Each July, Appleton marks Children’s Week. Taking place July 23-29 this year, the weeklong series of events celebrates the children and families who call the community home.
Children’s Week includes fun family activities, many offered for free or at a reduced cost. One of the highlights of the week is the annual Building for Kids Children’s Parade, presented by ThedaCare. As part of this free event, taking place July 26, 2023, kids and their grown-ups stroll through the streets of downtown Appleton dressed in themed costumes.
In honor of Children’s Week, we caught up with ThedaCare Registered Dietitian Michelle Eaton to learn some ways to get kids to explore healthier food options and to get them involved in the kitchen. Here’s what she shared.
Encouraging Healthier Habits
Parents often struggle to get kids to eat vegetables. There are some scientific reasons behind this. Younger children tend to have a more sensitive taste pallet, a natural preference for sweet foods, and an aversion to bitter tastes.
Children are also unfamiliar with the many varieties of vegetables, and this can create a hesitancy to try them. When kids help out in the kitchen, it allows them to become familiar with and comfortable around vegetables.
Having your child help with basic meal preparation can also give them a feeling of ownership when the meal is ready to eat. This can lead to a greater willingness to try unfamiliar foods.
Supervision and flexibility are a must when kids are working in the kitchen. Be prepared for a little mess, but kids can also help with cleanup tasks.
Kitchen Tasks by Age
What is your child capable of? Take a look at this list and see if you can get your kids involved and more familiar with vegetables.
The best way to involve the youngest of kids is just to let them observe you cooking. Have them hang out in the kitchen when you cook.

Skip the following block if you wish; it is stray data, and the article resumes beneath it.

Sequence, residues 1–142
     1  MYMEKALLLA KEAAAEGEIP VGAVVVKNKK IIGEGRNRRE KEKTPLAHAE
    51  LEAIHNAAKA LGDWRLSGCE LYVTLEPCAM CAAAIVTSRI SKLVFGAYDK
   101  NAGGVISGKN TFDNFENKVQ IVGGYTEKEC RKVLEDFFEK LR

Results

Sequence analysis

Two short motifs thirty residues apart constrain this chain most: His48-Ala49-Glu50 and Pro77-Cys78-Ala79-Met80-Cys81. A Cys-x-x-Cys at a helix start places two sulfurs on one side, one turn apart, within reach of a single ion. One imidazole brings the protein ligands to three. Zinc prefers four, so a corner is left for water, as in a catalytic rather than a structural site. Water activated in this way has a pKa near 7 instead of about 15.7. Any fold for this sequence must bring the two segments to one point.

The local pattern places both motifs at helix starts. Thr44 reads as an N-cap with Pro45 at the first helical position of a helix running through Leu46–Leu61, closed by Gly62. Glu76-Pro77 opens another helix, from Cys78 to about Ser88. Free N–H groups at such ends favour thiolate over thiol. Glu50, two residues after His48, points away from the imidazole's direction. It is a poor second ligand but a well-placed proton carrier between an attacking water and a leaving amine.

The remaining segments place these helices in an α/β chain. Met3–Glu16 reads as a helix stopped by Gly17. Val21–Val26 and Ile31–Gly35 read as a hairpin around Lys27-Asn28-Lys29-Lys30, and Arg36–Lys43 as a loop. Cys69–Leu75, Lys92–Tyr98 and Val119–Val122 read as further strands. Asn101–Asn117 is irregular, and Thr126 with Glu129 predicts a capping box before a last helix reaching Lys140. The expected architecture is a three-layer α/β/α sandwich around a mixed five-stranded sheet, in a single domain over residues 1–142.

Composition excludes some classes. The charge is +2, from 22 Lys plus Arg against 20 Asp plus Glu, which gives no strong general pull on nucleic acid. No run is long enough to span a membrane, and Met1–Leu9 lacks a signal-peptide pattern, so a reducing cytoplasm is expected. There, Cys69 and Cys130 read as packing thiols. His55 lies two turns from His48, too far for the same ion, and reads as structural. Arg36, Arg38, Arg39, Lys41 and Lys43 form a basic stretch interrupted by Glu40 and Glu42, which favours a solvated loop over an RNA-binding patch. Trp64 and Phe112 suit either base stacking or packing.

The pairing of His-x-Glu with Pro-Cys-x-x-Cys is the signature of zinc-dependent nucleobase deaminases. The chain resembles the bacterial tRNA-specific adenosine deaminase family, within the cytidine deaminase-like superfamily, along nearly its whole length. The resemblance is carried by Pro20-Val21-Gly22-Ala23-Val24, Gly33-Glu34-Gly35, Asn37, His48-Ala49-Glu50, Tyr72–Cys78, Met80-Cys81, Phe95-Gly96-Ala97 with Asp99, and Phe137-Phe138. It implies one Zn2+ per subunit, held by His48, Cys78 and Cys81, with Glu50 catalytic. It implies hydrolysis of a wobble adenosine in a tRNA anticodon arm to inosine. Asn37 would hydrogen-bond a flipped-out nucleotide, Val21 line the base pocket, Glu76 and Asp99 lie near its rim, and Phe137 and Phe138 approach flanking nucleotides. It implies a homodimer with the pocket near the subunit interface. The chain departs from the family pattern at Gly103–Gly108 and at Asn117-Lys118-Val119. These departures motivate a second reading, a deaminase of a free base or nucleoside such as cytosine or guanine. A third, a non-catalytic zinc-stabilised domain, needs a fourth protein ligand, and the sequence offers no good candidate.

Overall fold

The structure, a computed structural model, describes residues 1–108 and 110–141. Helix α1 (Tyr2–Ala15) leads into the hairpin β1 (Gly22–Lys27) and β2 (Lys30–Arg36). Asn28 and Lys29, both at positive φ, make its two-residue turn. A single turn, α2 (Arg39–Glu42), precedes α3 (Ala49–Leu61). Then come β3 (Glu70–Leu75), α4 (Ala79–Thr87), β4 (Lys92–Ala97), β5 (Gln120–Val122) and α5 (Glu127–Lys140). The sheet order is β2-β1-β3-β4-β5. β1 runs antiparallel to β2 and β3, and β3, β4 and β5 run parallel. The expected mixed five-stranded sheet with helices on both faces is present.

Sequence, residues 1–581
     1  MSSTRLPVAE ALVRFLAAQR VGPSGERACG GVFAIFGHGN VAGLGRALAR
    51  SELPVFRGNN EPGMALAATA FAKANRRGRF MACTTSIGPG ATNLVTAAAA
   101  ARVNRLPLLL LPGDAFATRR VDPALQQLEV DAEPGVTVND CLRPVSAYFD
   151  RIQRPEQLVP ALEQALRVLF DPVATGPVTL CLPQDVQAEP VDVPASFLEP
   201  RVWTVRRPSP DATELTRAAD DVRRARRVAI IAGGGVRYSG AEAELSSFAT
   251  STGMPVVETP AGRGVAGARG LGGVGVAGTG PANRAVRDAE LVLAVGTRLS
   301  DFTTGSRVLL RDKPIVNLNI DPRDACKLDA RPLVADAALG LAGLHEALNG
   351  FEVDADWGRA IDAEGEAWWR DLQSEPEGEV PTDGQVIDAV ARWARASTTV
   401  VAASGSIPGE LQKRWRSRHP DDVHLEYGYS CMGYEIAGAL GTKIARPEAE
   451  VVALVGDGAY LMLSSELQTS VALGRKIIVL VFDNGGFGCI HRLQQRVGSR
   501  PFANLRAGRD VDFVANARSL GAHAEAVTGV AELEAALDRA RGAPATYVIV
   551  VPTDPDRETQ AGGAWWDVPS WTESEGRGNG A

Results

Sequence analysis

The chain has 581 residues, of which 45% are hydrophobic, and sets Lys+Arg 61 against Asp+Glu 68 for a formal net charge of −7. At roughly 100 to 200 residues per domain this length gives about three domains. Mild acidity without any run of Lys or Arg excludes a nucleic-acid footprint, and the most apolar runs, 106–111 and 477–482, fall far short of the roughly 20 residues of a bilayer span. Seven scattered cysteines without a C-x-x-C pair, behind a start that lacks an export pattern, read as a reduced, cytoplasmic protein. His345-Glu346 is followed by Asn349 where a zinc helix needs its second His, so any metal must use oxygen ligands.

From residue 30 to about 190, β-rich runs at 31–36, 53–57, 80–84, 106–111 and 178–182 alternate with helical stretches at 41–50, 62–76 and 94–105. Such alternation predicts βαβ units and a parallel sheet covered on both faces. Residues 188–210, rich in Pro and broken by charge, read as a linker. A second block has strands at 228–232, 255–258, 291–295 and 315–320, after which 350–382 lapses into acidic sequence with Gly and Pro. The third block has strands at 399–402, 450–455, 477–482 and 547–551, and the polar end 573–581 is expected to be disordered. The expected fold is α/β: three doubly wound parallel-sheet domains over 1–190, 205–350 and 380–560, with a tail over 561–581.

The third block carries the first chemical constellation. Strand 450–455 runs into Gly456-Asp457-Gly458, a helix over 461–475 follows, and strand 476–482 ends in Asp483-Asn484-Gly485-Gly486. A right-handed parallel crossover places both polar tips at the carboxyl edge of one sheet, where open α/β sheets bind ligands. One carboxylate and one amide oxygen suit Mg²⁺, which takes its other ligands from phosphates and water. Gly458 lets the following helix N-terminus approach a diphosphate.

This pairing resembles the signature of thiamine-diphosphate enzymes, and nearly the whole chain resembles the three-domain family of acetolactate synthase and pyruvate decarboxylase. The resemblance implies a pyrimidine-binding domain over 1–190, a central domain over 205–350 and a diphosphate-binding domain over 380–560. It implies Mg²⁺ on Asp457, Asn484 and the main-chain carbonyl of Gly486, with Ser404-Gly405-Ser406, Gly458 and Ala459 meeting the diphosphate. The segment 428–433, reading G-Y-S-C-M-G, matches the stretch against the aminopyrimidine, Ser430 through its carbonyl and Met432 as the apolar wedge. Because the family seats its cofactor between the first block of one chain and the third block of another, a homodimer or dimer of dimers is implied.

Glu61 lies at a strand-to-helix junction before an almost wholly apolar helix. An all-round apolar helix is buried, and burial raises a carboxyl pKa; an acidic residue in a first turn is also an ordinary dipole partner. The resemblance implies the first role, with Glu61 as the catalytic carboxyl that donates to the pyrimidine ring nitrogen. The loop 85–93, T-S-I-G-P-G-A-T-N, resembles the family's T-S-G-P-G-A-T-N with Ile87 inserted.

Set them up in a safe place, and give them a few cooking tools to play with, such as wooden spoons, spatulas, or plastic measuring cups. Let them smell, touch, and maybe taste some of the ingredients, depending on the child’s age. This is about making cooking fun and interesting for little ones to watch.
18 months – 3 years
Around this age, kids can start to do some simple tasks. Don’t worry if your child isn’t ready for this until they are closer to 2. Just gradually begin to include them in the cooking process. Let them use their hands so they get familiar with the different food textures.
Tasks suitable for this age range include:
- Mashing vegetables with their hands
- Mixing food together in a large mixing bowl
- Sprinkling salt or dried herbs into a recipe
- Picking up individual vegetables and placing them on a sheet pan
- Putting silver wear in the dishwasher
- Holding the dust pan to help with cleanup
4-5 years old
This is a great age range for kids to start working more on fine motor skills. They’re likely ready for slightly more complex jobs, including:
- Cutting soft vegetables such as green beans with a plastic knife
- Using a rolling pin to roll out pizza or bread dough for veggie pizza
- Using a whisk to mix eggs, oils, and milk
- Juicing lemons and limes
- Filling the dishwasher soap compartment and pressing start
6-9 years old
Kids at these ages are likely ready for more complicated tasks. They can also work on reading and writing skills by making out a grocery list and reading instructions on a recipe. Consider some of these additional tasks:
- Using a vegetable peeler to peel fruit and vegetables
- Grating cheese with a box grater
- Greasing a baking pan
- Using a scoop to fill muffin cups
- Threading vegetables/fruit onto skewers
- Scraping down a mixing bowl
- Emptying the dishwasher
Getting kids involved in the kitchen is an all-around win. It teaches them independence, helps them develop confidence, and increases their willingness to try more foods. Bon Appetit!